Back in New York, aware of people talking ostentatiously on the train. One young woman talking about how her agent wanted her to submit her jokes and sketches to SNL. She was large, wearing khakis. She held a man about two-thirds her size on her lap.
No sooner had she gotten off when a couple of young women sit next to me and start talking LOUDLY: “Oh yeah, he’s like, a really, like, great writer. His stories are like really weird though. I knew him when I was at Columbia.” “Wow that’s like totally AWESOME.” Blahblah. What’s the deal? They were supposed to be writers. Why did they talk like VALLEY GIRLS? With that rising intonation? When they went to Columbia?
I shivered profoundly at hearing the language so inanely mangled. By “writers.”
I’ve been known to count the number of “likes” emitted by teenage girls in conversation — then, just when I’m about to get off the train I tell them: “Did you know that you just said ‘like’ 43 times in 6 minutes?”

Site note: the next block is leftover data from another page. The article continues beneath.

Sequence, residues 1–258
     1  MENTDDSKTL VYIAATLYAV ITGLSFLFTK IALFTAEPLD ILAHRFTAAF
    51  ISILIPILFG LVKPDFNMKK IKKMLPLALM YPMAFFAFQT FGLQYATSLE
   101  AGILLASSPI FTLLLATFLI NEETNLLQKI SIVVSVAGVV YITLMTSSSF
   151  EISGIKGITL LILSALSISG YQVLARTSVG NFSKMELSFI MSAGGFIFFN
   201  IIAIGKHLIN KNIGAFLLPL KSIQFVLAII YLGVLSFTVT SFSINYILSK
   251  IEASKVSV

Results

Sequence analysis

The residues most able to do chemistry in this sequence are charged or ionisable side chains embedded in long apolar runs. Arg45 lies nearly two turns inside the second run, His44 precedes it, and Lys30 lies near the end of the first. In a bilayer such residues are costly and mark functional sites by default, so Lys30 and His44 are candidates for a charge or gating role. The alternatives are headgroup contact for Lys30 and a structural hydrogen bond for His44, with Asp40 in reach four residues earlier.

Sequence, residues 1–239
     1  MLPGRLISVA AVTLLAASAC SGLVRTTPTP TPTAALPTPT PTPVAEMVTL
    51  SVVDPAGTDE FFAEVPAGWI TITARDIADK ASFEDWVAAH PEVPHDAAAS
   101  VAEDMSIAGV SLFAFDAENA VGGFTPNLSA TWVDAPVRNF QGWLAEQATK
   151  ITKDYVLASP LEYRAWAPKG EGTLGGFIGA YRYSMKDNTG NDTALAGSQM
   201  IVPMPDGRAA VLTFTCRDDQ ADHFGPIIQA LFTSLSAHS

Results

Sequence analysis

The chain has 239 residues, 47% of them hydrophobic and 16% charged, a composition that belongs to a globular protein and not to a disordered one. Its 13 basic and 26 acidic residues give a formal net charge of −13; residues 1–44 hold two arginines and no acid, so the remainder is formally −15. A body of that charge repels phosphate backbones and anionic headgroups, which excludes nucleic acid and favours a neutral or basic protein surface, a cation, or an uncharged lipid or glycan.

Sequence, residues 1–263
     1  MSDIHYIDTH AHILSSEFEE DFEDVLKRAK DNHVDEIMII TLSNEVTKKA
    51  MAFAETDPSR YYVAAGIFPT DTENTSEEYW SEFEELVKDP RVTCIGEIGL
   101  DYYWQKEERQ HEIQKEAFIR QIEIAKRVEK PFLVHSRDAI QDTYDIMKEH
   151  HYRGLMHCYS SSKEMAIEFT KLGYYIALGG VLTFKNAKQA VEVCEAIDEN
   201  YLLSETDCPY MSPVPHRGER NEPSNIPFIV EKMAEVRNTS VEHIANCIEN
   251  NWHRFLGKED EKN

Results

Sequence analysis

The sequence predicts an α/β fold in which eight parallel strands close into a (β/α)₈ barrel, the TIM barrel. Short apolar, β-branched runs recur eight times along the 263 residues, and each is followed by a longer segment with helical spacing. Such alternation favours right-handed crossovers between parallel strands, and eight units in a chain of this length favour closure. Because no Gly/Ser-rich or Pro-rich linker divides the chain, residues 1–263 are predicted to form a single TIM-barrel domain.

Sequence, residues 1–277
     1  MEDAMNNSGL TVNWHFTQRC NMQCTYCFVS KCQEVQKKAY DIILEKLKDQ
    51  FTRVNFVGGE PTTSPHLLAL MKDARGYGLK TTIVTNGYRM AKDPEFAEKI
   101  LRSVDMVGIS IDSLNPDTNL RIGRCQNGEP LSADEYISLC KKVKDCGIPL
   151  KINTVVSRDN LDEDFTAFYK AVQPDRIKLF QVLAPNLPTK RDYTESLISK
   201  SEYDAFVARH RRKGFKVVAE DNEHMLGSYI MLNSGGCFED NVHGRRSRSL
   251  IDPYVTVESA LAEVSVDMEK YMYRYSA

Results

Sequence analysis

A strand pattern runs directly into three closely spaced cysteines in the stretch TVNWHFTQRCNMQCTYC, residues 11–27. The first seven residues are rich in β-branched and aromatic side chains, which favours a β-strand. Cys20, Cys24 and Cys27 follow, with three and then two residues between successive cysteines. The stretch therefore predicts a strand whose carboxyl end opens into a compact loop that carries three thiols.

St Mark’s Poetry Project Writing Workshop Report Fall 2005
VERSions: Writing Our Enthusiasms
As an alternative to following a sequential or thematic approach, I aimed, in this workshop, for each activity to be a kind of spoke in a wheel, at the center of which was the morpheme, “vers-“. Each class meeting had a word containing “vers-“ as its watchword: versions/ reversions, animadversions, subversions, perversions, introversions, diversity, vertigo, quauaquaversion, conversation, and extroversion. Thus, the structure of the class more resembled the sort of poems we were reading and writing – not, for the most part, narrative pieces that foregrounded content, but attentive dances with and around terms and tropes.